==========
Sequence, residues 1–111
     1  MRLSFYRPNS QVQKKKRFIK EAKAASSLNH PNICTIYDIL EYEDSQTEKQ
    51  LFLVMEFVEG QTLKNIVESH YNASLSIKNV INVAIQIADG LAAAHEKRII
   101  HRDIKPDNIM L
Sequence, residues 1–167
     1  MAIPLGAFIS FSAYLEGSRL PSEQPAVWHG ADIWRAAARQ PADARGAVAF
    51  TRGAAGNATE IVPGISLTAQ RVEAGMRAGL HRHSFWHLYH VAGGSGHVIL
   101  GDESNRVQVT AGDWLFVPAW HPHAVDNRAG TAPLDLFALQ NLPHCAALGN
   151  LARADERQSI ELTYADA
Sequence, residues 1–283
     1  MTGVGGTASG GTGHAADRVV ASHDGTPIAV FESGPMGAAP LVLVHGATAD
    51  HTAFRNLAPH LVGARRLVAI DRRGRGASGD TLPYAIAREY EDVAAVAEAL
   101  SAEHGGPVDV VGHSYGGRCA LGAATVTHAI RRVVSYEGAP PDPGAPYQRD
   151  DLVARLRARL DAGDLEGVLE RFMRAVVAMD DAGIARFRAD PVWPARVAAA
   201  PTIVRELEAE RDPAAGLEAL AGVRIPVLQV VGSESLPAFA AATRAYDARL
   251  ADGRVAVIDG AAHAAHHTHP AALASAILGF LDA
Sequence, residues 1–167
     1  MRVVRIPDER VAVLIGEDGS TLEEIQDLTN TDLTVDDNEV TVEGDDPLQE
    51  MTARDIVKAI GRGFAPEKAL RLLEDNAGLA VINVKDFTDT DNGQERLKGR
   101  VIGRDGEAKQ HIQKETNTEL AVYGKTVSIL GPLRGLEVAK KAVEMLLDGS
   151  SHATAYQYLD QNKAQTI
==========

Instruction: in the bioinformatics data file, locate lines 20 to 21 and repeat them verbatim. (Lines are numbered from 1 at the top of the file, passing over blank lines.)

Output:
   101  VIGRDGEAKQ HIQKETNTEL AVYGKTVSIL GPLRGLEVAK KAVEMLLDGS
   151  SHATAYQYLD QNKAQTI